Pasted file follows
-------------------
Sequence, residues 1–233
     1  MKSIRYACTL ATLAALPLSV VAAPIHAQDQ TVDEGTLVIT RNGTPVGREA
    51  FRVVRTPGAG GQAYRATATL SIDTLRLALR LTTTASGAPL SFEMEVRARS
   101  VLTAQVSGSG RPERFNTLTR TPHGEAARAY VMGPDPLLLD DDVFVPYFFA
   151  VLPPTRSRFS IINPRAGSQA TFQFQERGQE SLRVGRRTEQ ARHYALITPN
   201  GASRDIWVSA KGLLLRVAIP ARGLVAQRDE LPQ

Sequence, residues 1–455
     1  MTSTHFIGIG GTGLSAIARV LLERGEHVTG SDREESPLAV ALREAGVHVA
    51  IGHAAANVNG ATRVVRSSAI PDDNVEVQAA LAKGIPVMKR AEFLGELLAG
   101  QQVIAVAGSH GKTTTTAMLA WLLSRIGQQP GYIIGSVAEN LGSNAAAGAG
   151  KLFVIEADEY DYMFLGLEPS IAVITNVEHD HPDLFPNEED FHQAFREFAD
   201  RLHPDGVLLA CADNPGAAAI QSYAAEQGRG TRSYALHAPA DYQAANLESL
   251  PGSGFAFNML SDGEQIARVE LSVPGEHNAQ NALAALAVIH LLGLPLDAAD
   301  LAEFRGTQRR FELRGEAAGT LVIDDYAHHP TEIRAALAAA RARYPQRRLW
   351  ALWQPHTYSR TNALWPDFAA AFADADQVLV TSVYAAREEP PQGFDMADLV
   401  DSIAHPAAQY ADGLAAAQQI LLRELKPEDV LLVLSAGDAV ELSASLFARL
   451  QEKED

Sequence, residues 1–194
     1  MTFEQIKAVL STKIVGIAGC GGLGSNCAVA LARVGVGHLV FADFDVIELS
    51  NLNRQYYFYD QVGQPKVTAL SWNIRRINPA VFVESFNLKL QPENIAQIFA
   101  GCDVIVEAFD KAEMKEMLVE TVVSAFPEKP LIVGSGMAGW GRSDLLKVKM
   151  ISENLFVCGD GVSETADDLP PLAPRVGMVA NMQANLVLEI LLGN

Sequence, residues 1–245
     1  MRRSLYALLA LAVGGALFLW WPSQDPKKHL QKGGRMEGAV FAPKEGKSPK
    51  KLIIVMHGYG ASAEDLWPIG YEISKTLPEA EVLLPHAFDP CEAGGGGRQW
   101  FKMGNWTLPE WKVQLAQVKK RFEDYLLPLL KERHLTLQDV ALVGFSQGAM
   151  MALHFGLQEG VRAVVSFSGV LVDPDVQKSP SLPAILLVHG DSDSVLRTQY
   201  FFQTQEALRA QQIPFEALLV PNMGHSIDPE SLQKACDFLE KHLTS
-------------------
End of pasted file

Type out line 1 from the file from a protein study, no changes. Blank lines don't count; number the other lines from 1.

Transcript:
Sequence, residues 1–233